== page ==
The Controversial Filibuster Elimination Would Be Shortsighted


Jezree Friend is the director of Public Affairs at the Manufacturer & Business Association. Contact him at 814/833-3200, 800/815-2660 or

As political priorities shift, a focus to end the U.S. Senate filibuster has made its way to the top. A filibuster is a procedure where one or several members of the U.S. Senate debate over legislation with the intention to delay or prevent a vote of passage on a bill. The U.S. Senate cloture rule requires 60 members to end debate to move to a vote. With the U.S. Senate in a political 50-50 tie with the vice president playing tiebreaker, the 10 votes needed to put a proposal to a vote is a steep climb.

The filibuster first emerged in 1806, and leaders from both parties sought, but failed, to ban it since that time. Ironically, the opposition would filibuster the motion to ban the filibuster.

The motivation to eliminate a filibuster would be to allow a party in control of both houses of Congress and the presidency to push their political agenda without concessions to the minority party. Its existence serves as an important political check and forces the need for widespread public support to pass policy.

A senator may engage in a filibuster by refusing to yield during debate if they continue to speak. Filibusters have included readings from Dr. Seuss, cookbooks and the phone book – remember those? Notably, the record for the longest filibuster goes to Senator Strom Thurmond of South Carolina, who in 1957 spoke for 24 hours and 18 minutes.

There are exceptions to the necessity of a cloture motion which includes nominations to executive branch positions, federal judgeships, legislation which has previously been written into law, and the budget reconciliation process which approves bills addressing entitlement spending and revenue provisions.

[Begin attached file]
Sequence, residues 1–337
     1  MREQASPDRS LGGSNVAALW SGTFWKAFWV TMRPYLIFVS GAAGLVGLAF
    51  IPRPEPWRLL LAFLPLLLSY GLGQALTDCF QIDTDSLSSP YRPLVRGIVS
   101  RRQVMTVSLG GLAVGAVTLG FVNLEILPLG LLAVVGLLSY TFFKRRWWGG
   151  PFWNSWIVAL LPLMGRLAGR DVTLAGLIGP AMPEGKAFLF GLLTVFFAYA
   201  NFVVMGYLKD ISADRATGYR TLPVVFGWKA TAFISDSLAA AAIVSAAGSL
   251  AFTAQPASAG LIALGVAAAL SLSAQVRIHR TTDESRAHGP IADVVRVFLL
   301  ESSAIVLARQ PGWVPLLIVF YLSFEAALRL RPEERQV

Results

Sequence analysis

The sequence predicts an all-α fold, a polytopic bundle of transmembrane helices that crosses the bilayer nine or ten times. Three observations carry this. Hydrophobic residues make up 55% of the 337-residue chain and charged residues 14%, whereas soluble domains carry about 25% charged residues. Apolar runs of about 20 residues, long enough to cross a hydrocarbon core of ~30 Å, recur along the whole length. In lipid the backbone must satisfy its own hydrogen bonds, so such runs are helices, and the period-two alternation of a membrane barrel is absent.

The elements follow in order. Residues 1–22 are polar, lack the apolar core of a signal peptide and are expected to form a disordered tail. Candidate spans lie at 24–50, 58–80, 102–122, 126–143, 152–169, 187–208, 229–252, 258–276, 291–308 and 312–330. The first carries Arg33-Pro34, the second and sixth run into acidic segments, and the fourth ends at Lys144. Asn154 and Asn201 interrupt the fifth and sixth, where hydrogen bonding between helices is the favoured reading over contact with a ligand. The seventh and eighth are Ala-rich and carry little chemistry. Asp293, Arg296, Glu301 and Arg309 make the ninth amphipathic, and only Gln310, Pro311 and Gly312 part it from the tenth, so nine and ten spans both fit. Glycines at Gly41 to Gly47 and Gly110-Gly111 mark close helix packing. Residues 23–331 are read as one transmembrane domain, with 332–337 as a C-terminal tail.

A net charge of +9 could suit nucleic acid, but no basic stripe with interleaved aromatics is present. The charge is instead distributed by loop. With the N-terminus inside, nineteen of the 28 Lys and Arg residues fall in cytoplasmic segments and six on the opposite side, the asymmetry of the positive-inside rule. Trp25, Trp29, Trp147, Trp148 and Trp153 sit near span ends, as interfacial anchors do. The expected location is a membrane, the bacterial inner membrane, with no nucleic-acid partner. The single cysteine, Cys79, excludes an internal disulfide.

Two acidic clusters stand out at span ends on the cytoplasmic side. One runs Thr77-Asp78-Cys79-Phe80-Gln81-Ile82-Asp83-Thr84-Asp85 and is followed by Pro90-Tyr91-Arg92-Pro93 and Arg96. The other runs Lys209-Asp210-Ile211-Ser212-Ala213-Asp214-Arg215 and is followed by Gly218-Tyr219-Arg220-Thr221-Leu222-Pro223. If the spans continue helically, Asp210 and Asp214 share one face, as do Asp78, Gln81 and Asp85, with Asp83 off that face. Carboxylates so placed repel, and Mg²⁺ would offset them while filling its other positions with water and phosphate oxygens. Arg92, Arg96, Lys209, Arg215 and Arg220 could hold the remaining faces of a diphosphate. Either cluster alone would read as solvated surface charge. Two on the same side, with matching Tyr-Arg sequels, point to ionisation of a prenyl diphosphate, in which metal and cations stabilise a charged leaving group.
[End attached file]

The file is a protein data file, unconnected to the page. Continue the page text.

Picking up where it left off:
There are two ways the filibuster can be permanently ended. The first would be to end the cloture rule, but that requires support from two-thirds of the members and would paradoxically be filibustered. The second is referred to as the “nuclear option,” which is used to create new Senate precedent and only needs a simple majority. This process was recently implemented in 2013 and 2017 to reduce the number of votes needed to end debate on nominations.

Supporters of eliminating the filibuster could also move to weaken it by banning its use on specific motions but, ultimately, would leave the 60- vote rule intact. Another tactic would be to target the “Byrd Rule” to make it easier to include more proposals into a reconciliation bill.

After this recent public relations blitz to convince Americans the process is obsolete, the decision rests with individual senators. Even with necessary control in both houses of Congress, as we saw in 2016 with the Republicans and now with the Democrats, it is easier said than done. Sufficient motivation would require a strong issue that unites the majority party enough to justify an outright filibuster ban.

Should such an issue arise to warrant its removal after all these years, with it would include a senator’s ability to use its role as a political tool. Often, senators use it to blame opposition for inaction they are unwilling to back that are popular with some, but not all, within their own party. Think about mixed support on controversial proposals like the Green New Deal.

Lastly, filibuster removal exposes senators to the risk of a Senate, which will likely shift control in the near future. As political majorities traditionally switch every few years, pressure to eliminate a filibuster seems shortsighted. Now, imagine if elected leaders in Washington, D.C. gave this much time and effort on those things which bring us together and move our country forward?

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